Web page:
The Quartic/Sparta solution, by contrast, would allow you to avert any issues immediately, and avoid wasting time, effort and potentially finished product.
“With a traditional QMS, it’s largely limited to quality professionals, but when you make it predictive and proactive, and connect it with what’s happening on the shop floor, operations and engineering teams can more directly benefit from quality data,” says Anand. “Even the original process development teams upstream can take that quality data and bring into their future product development.”
After all, the very premise of ‘quality by design’ is that quality isn’t just a function of the quality team – it’s the responsibility of everyone in value chain.
“It means engaging operations, engineering and process development scientists, and providing an opportunity for that data to be available all the time,” says Anand. “It gives you the confidence to make your supply chains leaner, meaning you carry less in-process inventory and less lost time in lost batches because you had some kind of deviation that needs investigation. What we’ve seen with Covid-19 is that supply chains need to be very agile and lean, without circumventing the quality processes.”
Future-proofing the industry
Quartic and Sparta’s work is now well underway. Both companies have assigned dedicated resources to work on the joint project, and the development process started long before the partnership was made public in July.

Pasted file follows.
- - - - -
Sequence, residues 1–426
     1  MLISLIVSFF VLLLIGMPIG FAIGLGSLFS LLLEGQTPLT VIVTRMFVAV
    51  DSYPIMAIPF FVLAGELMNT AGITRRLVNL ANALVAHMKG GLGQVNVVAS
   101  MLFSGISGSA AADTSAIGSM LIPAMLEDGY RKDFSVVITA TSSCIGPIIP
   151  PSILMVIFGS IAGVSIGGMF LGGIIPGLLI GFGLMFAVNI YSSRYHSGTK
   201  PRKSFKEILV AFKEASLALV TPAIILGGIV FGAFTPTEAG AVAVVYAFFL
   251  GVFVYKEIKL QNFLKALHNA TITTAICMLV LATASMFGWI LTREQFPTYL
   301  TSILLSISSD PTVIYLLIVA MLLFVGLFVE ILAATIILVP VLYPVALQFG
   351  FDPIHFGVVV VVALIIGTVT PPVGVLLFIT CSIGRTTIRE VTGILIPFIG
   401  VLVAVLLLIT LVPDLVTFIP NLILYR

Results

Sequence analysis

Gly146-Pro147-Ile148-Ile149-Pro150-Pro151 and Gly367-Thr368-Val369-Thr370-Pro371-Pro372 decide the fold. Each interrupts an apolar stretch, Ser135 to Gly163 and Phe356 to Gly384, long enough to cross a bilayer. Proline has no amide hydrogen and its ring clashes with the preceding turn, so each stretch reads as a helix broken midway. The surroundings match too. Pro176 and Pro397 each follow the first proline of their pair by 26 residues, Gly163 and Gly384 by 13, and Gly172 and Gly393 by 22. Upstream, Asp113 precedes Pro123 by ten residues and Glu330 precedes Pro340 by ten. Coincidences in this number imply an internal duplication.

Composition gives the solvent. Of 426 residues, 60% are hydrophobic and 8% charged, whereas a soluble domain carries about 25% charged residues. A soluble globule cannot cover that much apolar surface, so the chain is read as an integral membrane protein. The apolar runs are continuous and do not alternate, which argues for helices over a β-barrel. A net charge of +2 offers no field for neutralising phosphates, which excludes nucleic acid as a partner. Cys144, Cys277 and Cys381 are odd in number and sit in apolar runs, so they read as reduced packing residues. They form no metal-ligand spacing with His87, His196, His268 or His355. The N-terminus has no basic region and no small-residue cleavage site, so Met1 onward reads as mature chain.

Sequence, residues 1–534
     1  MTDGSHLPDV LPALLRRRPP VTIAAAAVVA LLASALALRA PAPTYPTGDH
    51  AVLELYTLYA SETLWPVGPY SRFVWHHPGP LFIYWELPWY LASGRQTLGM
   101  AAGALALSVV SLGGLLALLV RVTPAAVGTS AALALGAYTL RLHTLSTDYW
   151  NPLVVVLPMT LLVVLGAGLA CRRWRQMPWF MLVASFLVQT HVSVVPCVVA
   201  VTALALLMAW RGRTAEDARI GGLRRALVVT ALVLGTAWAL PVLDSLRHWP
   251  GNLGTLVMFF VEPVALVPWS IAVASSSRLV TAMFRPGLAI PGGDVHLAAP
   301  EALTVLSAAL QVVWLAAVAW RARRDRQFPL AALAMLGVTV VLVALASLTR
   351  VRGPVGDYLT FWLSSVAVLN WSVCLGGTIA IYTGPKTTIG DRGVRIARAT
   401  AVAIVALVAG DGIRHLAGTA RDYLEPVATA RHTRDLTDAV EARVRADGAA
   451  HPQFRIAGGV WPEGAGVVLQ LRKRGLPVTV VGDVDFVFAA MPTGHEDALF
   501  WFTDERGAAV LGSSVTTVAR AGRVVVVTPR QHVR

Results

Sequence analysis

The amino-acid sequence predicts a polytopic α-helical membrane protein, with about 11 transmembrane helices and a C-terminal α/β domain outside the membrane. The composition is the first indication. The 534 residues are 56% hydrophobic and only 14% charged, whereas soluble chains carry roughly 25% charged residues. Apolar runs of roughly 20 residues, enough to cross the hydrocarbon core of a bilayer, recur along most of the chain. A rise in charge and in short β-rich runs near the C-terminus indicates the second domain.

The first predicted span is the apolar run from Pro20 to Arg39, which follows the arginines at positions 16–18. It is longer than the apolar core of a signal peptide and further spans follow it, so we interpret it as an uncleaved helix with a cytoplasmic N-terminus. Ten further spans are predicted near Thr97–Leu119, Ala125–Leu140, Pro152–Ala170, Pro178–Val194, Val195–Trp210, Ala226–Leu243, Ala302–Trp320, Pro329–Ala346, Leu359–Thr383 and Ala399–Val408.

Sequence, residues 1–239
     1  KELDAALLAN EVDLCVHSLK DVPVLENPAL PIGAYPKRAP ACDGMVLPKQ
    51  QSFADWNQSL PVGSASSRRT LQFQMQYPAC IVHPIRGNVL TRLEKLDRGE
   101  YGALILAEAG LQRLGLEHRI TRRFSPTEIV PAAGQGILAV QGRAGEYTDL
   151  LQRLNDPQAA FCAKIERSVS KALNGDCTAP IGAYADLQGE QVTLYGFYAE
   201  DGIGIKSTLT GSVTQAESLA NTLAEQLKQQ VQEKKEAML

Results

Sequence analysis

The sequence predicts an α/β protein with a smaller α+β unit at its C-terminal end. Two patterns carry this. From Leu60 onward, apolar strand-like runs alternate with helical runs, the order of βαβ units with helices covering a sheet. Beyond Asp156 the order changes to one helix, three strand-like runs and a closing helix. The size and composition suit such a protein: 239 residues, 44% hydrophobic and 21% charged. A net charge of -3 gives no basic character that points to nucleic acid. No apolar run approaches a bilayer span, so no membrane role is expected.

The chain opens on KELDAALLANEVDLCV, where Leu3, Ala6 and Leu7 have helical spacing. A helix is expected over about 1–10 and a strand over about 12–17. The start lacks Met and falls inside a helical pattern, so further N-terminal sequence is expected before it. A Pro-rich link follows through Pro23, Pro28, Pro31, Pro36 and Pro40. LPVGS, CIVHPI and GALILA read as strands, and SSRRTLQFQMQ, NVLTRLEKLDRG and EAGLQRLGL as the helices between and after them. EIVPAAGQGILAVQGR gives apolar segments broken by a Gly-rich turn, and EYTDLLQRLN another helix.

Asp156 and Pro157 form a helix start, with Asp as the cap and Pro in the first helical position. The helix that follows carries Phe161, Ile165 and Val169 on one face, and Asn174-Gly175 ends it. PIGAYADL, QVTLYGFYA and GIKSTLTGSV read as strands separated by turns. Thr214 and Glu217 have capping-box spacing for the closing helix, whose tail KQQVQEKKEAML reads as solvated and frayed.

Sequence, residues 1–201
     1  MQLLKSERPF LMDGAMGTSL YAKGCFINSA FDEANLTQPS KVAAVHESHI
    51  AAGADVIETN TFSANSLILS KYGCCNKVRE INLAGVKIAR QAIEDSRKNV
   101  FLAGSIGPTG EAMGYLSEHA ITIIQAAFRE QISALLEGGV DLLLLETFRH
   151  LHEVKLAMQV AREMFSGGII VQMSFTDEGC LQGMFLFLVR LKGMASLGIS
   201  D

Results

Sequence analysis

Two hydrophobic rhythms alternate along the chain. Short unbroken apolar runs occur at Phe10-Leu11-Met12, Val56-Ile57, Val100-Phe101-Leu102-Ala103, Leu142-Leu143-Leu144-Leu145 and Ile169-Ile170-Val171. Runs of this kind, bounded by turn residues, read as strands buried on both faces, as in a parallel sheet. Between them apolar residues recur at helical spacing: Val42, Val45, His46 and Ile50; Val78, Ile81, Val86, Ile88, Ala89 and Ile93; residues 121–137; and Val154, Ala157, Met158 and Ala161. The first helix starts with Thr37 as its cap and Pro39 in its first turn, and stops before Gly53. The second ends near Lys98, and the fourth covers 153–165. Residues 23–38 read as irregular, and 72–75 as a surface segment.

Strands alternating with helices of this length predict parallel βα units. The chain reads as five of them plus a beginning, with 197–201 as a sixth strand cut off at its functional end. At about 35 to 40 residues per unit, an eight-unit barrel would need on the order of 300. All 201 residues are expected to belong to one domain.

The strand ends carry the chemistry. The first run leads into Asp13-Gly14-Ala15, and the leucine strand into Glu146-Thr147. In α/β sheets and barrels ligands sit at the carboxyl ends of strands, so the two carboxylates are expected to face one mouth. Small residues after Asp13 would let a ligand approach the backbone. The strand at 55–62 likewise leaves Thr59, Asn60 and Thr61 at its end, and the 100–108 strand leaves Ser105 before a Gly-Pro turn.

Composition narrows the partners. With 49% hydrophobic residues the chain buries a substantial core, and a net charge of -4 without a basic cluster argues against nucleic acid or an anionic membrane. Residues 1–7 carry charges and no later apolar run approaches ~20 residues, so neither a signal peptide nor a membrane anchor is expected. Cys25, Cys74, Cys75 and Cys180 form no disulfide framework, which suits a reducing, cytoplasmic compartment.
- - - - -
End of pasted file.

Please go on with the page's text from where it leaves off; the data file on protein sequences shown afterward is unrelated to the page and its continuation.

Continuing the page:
“The platform isn’t ready for deployment yet – we need to engage client data or actual scenarios in the design verification activities,” says Anand. “So we’re actively working with some clients to do that. We’re targeting our initial release in winter 2020.”
He thinks the solution will be particularly suitable for biologics applications, in which the interactions between different variables are harder to understand, and the consequences of poor risk detection are greater. It may also find a grateful user base as continuous manufacturing techniques become more widespread.
“Continuous manufacturing is a priority for many manufacturers and the FDA, but it will require what I call continuous quality as well,” he says. “That’s impossible with the traditional quality techniques we have, which were largely made for batch processes. Overall what we’re doing is future-proofing the industry – as the industry moves to continuous manufacturing and biologics, we’re enabling it to move forward at lower cost, higher speed, lower risk.”